4. The meshed donor skin is then prepped, sterilized, and applied to the wound. During the healing process, new skin cells will develop and fill in the “holes” created by the meshing process.
  5. Both the donor sites and the recipient sites are wrapped and dressed in sterile bandages and gauze.

For More Information

To learn more about skin grafts or reconstruction after skin cancer, contact Dr. Hung by calling (626) 432-5032 or by filling out our online contact form. Dr. Hung performs Mohs surgery and reconstruction after skin cancer treatment in Pasadena, California.

Is Nasal Reconstruction Different from Cosmetic Nasal Surgery?

, | The Office of Dr. Vincent Hung

3 Minute Read:

Although nasal reconstruction and nasal surgery sound like they are one and the same, they are vastly different procedures. Nasal reconstruction fills defects or holes created by skin cancer treatment, while rhinoplasty, or cosmetic nasal surgery, alters and enhances the physical appearance or function of the nose.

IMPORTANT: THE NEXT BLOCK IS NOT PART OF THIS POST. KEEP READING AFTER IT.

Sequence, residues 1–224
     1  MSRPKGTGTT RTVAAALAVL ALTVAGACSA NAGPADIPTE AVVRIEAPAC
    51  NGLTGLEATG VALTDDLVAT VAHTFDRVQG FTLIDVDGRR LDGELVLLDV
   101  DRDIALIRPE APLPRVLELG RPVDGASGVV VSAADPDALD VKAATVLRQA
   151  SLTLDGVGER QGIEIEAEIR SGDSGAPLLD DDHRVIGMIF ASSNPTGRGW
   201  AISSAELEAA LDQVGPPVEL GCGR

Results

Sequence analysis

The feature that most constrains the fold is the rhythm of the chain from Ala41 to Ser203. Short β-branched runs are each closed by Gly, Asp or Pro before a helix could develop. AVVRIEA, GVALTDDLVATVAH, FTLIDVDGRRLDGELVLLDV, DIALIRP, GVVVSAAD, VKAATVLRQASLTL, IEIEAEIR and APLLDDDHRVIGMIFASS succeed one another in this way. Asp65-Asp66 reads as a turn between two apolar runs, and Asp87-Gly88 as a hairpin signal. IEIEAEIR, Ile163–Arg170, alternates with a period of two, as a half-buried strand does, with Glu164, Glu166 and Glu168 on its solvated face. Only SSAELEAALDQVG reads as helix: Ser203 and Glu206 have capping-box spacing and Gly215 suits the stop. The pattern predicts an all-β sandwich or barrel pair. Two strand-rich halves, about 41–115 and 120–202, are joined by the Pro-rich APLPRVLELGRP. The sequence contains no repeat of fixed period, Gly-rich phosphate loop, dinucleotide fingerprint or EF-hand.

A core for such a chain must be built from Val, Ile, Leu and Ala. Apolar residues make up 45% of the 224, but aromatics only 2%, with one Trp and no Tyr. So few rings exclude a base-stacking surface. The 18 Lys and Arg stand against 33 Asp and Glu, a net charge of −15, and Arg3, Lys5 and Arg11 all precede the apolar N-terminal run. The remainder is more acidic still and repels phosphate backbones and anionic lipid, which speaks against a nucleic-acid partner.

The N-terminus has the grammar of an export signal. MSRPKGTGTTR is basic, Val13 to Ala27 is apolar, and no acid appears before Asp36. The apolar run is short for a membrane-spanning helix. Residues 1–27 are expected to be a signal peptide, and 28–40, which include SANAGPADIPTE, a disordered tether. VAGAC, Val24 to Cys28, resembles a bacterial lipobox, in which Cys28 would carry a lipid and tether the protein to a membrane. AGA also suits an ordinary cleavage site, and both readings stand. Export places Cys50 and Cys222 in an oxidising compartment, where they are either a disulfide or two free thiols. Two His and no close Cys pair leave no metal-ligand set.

Close up image of a nose

Despite being so different, at their core, both procedures enhance nasal aesthetics. Nasal reconstruction does so by moving skin and tissue. Rhinoplasty does so by altering cartilage and bone.

Nasal surgery, whether reconstructive or cosmetic, is one of the most complex and challenging forms of facial surgery. The nose is a multifaceted structure composed of cartilage, muscle, mucosa, tissue, and skin and, as if that alone did not make it difficult enough, it is the central aesthetic focus of the face.

Any defect or cosmetic insecurity is heightened when it deals with the nose, and nasal surgery can be the most rewarding type of facial enhancement.

How Does Rhinoplasty Differ from Nasal Reconstruction?